How big is the damage this time

Christian Stredicke
CEO of Vodia Networks

I was right. Using system() in a program is a bad idea, especially if you pass parameters that the user can enter. Now with the latest internet security meltdown called shellshock it is official.

To put this right up front, for the Vodia PBX program itself the damage is zero. It simply does not fork a shell.

[For those who have the time to disassemble the PBX code. There is still a system call from old version 4 times, but we are not referencing that function in version 5 anymore. Time to completely take it out.]

Other architectures might have a different experience this weekend. It is not usual to use popular CGI-based web servers to integrate the HTTP world with the SIP world. Because of the architecture, there is often no other way to tell other processes to perform certain functions. For example, when changing configuration parameters, the web server can conveniently use the shell to instruct the PBX to reload its configuration. This is commonly done using the PHP command shell_exec; because it is so popular there is even a special back-tick operator for this. It could be that when you set the username to env X="() { :;} ; reboot" /bin/sh -c "Joe Doe" your system will have some fun with reboots.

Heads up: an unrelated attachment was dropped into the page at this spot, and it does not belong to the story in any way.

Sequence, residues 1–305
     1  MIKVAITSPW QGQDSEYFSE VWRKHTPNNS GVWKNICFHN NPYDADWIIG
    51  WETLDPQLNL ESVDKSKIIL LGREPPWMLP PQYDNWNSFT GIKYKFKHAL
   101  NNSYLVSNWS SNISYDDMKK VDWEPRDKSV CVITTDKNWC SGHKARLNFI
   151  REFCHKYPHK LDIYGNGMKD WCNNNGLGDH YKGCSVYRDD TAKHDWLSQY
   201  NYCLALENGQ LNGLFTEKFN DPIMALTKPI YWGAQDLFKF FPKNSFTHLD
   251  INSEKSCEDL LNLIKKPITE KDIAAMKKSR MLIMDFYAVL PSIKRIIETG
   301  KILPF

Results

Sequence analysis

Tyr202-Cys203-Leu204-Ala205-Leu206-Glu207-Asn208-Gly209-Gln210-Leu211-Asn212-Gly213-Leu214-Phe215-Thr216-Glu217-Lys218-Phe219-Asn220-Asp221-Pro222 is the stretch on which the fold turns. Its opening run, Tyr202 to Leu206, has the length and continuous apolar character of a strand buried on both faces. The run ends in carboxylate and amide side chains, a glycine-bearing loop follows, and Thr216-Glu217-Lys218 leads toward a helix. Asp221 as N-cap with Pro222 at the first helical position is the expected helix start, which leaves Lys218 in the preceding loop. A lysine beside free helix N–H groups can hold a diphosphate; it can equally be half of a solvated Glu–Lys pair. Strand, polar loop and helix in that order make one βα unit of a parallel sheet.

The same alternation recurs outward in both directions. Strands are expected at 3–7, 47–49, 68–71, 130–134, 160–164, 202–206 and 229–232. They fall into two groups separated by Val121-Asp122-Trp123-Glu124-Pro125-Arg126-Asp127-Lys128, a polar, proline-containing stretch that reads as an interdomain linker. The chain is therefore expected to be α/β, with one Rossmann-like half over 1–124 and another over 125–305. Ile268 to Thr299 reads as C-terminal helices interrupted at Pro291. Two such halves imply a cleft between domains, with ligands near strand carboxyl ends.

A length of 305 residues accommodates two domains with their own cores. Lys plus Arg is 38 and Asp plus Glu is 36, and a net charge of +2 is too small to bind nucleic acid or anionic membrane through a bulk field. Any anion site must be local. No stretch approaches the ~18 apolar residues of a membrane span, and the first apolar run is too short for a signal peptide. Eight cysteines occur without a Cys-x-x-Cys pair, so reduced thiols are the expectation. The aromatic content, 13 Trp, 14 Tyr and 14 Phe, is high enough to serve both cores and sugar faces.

Unfortunately it seems that not only the web servers and PBX software are a problem, but also standard programs like dhclient and OpenSSL. That means that the appliances running the PBX software could be a problem. For example, when a DHCP server in the LAN send out DHCP packets that cause the dhclient to pass junk to the configuration hooks, your PBX host could be in trouble.

This is especially the case for CPE-based PBX where other users in the LAN can easily send out packets in the LAN. The PBX itself is not the problem, like stated above. But the snom and Vodia mini appliances as well as the snom ONE plus are using OpenSSH and dhclient. This makes it necessary to update their bash. Because they are using more or less standard Linux distributions, it should be possible to log in and perform the standard steps published in many places to update the bash code. The PBX itself cannot help here; it does not provide a mechanism to upgrade programs on the OS level.

Hosted PBX that run in environments where attackers will have a hard time setting up DHCP servers should be fine. Most hosted PBX have IP-based OpenSSH filters anyway, so that the damage on the OpenSSH side should also be limited. It would be a good time to make sure that only certain IP addresses can access your hosted PBX.

What is particularly shocking is that the bug seems to be in bash for decades. Thinking about the latest data security scandals, this must have been an entry door for all sorts of people for many years. I am glad we are now able to close those doors and make this world a lot safer against unauthorized access.

Let’s see what is next.